Apple pulled the wildly popular “Fortnite” from its App Store in 2020 after Epic skirted the company’s rules and fees to add its own in-app payment system. Epic has argued that Apple’s App Store is a monopoly, while Apple says Epic simply broke the rules that govern its developers.
Many social-media apps have a “dark mode” these days, allowing users to change the color of their app’s interface to darker tones instead of bright ones, which can feel easier on the eyes and sometimes save battery life.
For a long time, Snapchat was one of the few major social media apps without a dark mode. But since last year, they’ve been rolling out dark mode to more and more iPhone users. Most iPhone users will be able to use Snapchat’s dark mode now – unfortunately, it’s still missing for Android users.
Here’s how to check if Snapchat’s dark mode is available on your iPhone, and how to enable it.
How to enable Snapchat dark mode on iPhone
1. Open the Snapchat app on your device and log in if you’re prompted to do so.
2. In the upper-left corner of your screen, tap on your profile picture.
3. In the upper-right corner of your profile page, tap on the “Settings” icon that looks like a gear.
4. In the “My Account” section of the Settings menu, scroll down until you see an option called “App Appearance.” If you can’t find “App Appearance” listed, it means you can’t use dark mode yet.
5. In the “App Appearance” menu, tap “Always Dark” to enable Snapchat’s dark mode. You can also choose “Match System” to have the app sync with your iPhone’s settings, so if your iPhone changes between light and dark automatically throughout the day, Snapchat will too.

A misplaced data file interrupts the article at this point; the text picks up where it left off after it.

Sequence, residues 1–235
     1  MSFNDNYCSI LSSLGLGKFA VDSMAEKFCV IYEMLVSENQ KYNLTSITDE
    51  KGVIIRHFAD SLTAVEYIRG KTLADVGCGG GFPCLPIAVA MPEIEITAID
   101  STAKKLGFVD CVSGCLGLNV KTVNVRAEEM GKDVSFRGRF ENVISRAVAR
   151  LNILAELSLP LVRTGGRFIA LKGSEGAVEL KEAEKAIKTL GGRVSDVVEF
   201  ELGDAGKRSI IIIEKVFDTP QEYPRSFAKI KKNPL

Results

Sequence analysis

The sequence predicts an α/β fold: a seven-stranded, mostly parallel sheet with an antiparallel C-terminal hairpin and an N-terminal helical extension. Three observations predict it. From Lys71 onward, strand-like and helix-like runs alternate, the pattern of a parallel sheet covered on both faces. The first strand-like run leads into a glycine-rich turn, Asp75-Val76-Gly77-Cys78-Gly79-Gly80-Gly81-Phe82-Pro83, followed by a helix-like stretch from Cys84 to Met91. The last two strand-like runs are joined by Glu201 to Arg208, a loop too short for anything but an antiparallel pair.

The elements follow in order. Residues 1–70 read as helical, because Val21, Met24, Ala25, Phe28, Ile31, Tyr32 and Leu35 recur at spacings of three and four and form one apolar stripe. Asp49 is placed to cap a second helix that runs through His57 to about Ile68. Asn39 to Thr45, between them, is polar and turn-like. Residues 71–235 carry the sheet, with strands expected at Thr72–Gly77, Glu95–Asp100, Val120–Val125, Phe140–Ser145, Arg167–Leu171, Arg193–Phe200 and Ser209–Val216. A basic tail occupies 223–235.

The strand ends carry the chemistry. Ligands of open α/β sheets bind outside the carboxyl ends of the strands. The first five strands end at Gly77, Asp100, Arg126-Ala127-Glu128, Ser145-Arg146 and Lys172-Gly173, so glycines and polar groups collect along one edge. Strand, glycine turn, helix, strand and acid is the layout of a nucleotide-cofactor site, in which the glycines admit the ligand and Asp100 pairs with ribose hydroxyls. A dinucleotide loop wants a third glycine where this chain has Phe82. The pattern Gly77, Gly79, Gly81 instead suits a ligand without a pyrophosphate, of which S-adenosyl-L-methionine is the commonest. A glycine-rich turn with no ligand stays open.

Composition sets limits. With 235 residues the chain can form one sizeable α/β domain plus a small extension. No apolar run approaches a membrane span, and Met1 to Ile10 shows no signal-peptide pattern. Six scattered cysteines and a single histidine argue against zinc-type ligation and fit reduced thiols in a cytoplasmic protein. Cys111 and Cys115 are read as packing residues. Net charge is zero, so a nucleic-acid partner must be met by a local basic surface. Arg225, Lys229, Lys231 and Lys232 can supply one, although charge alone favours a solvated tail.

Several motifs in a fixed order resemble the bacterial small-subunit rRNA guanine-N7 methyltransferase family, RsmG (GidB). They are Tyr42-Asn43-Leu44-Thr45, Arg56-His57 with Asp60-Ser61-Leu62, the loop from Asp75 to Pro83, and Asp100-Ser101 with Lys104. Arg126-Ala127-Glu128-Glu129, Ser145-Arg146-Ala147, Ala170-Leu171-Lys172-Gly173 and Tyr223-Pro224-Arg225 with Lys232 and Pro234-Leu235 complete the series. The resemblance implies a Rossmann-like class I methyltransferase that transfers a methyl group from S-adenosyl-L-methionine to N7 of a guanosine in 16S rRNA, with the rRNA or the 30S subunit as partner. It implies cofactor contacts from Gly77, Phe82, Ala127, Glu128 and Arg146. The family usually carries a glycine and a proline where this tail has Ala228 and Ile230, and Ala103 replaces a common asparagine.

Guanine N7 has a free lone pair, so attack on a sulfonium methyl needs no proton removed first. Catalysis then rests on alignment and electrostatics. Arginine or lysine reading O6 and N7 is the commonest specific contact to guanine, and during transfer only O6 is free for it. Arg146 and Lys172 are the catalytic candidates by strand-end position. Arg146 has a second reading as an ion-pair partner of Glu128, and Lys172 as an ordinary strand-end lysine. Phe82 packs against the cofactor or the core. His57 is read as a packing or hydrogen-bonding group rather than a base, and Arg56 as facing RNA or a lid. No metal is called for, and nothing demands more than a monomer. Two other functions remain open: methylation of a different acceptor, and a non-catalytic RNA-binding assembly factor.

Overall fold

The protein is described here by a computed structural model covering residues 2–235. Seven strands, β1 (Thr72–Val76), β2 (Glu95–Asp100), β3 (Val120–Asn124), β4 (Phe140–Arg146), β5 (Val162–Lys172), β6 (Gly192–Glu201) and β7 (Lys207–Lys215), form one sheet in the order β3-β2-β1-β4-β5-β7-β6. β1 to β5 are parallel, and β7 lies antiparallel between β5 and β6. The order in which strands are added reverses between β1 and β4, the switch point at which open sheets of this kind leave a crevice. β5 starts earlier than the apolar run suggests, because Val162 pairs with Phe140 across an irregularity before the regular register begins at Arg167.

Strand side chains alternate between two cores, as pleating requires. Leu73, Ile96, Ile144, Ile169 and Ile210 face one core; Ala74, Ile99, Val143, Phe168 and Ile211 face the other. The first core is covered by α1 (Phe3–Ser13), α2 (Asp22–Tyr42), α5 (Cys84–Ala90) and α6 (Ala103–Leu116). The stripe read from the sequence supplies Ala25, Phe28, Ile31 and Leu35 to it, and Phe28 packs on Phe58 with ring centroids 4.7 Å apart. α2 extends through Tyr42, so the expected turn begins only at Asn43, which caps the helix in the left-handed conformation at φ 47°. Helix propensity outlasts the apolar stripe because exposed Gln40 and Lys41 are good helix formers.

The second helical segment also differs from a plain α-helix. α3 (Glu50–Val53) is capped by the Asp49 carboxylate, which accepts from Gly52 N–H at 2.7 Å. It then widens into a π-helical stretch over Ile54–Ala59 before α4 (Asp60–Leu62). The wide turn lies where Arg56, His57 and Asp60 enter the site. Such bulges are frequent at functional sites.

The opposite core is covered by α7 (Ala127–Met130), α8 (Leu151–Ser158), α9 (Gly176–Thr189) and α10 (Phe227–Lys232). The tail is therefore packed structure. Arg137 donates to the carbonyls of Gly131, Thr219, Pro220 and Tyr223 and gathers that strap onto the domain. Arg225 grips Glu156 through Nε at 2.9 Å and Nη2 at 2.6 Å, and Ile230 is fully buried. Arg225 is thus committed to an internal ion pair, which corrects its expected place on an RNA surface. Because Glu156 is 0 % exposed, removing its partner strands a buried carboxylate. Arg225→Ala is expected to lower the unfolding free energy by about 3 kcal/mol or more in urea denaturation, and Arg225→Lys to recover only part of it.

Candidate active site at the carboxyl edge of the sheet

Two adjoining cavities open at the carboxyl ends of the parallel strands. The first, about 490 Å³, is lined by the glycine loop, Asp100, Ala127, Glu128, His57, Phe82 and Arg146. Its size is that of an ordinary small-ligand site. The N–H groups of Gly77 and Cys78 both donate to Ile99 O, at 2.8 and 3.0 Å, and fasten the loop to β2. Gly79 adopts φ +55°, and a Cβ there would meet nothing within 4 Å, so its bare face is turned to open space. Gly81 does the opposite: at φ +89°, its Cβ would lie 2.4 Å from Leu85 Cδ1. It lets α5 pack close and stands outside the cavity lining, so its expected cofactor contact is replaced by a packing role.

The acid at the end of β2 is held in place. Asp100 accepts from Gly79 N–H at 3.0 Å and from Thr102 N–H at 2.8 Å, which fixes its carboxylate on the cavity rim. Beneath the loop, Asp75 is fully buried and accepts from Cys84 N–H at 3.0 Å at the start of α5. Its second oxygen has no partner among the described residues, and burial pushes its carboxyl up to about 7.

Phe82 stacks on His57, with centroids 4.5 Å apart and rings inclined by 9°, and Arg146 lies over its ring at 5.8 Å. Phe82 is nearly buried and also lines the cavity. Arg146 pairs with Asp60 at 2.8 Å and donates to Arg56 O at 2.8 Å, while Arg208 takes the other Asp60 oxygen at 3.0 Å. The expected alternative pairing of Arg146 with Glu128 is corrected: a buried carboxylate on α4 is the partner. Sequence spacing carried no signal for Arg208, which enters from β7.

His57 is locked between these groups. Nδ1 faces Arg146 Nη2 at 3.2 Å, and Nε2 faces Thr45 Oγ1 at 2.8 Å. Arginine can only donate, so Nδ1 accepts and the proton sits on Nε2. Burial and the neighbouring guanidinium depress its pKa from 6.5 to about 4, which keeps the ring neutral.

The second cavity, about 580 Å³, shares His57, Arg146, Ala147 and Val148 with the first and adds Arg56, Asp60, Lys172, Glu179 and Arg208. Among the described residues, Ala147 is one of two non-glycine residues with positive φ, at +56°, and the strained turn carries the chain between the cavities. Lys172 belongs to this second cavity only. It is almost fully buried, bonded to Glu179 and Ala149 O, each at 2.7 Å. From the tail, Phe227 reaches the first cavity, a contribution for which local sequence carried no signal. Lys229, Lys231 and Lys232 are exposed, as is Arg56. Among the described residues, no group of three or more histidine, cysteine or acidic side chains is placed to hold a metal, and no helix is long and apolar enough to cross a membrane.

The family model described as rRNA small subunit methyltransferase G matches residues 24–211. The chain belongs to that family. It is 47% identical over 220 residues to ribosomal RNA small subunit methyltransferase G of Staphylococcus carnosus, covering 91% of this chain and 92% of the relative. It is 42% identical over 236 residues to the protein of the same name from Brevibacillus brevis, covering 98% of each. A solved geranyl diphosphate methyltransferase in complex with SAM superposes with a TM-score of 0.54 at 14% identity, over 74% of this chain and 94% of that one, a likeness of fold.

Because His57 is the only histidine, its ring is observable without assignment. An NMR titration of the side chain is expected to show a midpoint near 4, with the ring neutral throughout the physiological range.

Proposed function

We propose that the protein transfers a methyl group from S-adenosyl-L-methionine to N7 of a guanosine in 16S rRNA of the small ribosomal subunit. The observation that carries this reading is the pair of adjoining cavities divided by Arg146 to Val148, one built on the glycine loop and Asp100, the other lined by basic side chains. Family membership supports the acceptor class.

Maybe we’re just in a calm-before-the-storm moment, but, less than a week before the Apple update is expected, the internet companies in its path are remarkably calm.
Snapchat on Thursday forecast strong revenue growth of up to 85% for its current quarter, despite “anticipated disruptions” of the iPhone update. Snapchat also noted that it now has more Android users than iPhone users– something that should mitigate the impact of Apple’s privacy change.
But one not-so-widely noted development from Facebook this week was the rollout of new ways for marketers to aim ads at its audience of 2 billion viewers based on the types of videos being watched – sports, pet and animals, business, etc. That sounds a lot like old-fashioned “contextual” advertising, which doesn’t require collecting user data. Maybe Facebook’s future is a reversion to the past?
There’s another big development looming for tech companies: the post-pandemic reopening. And it’s already causing some hiccups.
Netflix reported first-quarter subscriber numbers that fell short of expectations. Netflix blamed last year’s “big Covid-19 pull forward” – basically, a surge of signups from homebound consumers that’s made it tougher to find new subscribers today. Netflix also cited the lack of fresh content, as lockdowns have made it harder to produce new movies and shows.
Perhaps one of the most interesting wildcards to watch as the pandemic fades will be what happens to the food delivery business that’s been booming during the lockdowns. The return to restaurants and in-person dining will affect not just the DoorDash and Gubhubs of the world, but also the so-called ghost kitchens – shared, delivery-only kitchen facilities where restaurant workers prepare food for online orders.
One of the pioneers of the ghost kitchen business is former Uber CEO Travis Kalanick.
CloudKitchens’ employee ranks are made up of numerous Kalanick loyalists from the Uber days, and many of the company’s corporate values are literally the same catchphrases that became infamous at Uber including “always be hustlin'” and “super pumped.” While Kalanick’s methods may be controversial, there’s no denying that he was instrumental in making Uber the global juggernaut that it is. For better or for worse, history may be repeating itself
There’s only one Amazon Salon and you’ll need to go to London’s Spitalfields neighborhood to try it.